So this dude on #Jeopardy has no accent 90% of the time, and the strongest Boston accent EVER 10% of the time. I'm confused.
— Claire Little (@isolinearchick) April 23, 2015
The accent is not fake, but I understand why people think it’s weird. It’s definitely spotty.
I’m originally from Dorchester, and grew up with a pretty traditional Boston accent. Occasionally I’d get teased by non-accented peers in school about the way I pronounced certain things, but not a lot, because pretty much everybody in the area is familiar with the Boston accent.
But when I went to college (still in Boston, mind you!) I mixed with a lot of people from other places who simply could not understand what I was saying. Or, when they could, couldn’t keep a straight face. If I wanted to get through a sentence without having to stop and wait for everybody to have a good laugh about it, I had to adjust and over articulate. This was not entirely a conscious thing. There’s actually a linguistic term for this process.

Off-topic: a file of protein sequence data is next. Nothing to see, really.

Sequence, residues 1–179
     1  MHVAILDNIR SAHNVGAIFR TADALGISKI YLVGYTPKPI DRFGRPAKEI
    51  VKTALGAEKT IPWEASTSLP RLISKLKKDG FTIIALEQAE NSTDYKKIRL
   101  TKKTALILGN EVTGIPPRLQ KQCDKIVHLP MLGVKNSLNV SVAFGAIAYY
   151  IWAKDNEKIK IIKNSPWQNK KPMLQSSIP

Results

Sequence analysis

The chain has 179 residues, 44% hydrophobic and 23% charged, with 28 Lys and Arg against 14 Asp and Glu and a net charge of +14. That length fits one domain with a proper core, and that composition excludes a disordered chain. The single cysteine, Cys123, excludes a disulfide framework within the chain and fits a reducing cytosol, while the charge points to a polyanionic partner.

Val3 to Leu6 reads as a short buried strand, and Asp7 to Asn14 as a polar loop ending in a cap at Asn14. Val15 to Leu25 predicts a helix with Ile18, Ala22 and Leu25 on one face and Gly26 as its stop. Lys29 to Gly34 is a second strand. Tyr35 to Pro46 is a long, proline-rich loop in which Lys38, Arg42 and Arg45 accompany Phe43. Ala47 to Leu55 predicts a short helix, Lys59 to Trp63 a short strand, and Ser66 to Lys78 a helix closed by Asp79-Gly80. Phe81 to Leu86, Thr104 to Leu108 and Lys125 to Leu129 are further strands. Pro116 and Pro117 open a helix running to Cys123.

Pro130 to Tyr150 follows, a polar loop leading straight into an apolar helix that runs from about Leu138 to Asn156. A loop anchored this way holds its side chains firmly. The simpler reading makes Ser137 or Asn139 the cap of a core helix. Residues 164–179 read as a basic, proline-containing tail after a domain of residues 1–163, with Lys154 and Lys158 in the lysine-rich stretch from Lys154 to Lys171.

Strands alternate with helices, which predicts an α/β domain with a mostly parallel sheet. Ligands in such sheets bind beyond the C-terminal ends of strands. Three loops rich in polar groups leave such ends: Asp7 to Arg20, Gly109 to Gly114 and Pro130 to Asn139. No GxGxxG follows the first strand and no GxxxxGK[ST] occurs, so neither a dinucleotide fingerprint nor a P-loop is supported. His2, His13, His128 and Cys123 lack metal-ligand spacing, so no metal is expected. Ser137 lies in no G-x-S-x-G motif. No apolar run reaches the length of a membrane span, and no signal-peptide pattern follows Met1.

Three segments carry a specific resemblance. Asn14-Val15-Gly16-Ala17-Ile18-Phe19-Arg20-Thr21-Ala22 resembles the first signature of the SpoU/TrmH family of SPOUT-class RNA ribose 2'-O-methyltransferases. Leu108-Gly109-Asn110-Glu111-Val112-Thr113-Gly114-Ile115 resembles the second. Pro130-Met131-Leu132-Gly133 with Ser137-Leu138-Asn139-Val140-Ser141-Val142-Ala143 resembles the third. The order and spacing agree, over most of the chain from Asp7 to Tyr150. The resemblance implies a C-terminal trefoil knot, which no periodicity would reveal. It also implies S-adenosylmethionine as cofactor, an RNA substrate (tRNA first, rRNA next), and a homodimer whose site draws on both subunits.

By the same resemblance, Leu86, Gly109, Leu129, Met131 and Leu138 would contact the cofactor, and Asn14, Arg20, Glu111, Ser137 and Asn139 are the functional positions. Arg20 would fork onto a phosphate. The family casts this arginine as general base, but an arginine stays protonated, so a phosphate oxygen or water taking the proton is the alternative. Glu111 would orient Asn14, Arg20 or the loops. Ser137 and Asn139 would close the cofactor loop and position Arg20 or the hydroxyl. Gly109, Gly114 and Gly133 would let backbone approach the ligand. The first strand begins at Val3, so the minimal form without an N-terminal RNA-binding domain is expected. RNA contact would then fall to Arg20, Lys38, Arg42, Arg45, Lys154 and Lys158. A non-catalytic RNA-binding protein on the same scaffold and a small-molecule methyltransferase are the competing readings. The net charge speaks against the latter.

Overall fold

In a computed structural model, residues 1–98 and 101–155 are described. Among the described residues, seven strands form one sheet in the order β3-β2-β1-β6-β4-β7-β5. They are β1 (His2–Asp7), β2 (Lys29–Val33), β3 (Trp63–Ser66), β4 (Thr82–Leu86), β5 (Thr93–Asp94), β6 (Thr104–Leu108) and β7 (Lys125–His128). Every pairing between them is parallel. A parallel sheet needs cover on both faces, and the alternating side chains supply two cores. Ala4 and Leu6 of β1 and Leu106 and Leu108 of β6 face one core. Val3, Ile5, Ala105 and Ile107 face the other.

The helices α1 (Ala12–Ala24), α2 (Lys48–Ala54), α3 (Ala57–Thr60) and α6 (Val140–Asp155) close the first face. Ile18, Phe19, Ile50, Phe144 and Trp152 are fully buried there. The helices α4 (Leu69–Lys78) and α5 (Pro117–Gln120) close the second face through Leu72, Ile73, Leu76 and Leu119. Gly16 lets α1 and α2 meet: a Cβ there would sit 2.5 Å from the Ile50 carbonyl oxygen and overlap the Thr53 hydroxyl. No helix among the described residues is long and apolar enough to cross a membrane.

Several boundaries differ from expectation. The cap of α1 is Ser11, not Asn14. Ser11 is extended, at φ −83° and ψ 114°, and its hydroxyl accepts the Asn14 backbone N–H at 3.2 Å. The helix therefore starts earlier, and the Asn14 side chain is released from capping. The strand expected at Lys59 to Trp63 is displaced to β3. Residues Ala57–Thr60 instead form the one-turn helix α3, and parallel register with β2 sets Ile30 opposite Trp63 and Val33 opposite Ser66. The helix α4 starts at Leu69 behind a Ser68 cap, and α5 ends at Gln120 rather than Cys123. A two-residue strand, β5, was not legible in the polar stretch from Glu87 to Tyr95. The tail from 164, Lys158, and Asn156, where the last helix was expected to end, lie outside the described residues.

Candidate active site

What’s funny is, I would come home from school and my parents would then say I sounded strange. But my friends at school always knew when I’d just been at home, because my accent would be stronger when I returned.
So a lot of the time my accent is subtle or maybe not immediately obvious. But I never lost the classic non-rhoticity (the dropped Rs) and the combination and contrast between the the moments when you can’t tell and the moments when you can make it seem very harsh and jarring.
My accent is most prominent, I find, when I’m not thinking about what I’m saying. And in Jeopardy, the game moves so fast and you’re concentrating on buzzing in and thinking up the right response–there really isn’t time to think about how you’re saying it. Which is also probably why you hear it more in the answers than in the interview portion.
Basically, as I got older and had to interact more and more with people who didn’t have a Boston accent, in school and in my professional life, my own speech drifted simply because I needed to communicate with them more clearly.
So, if anything, if any part of my accent is “fake,” it’s the part that sounds like it isn’t from Boston.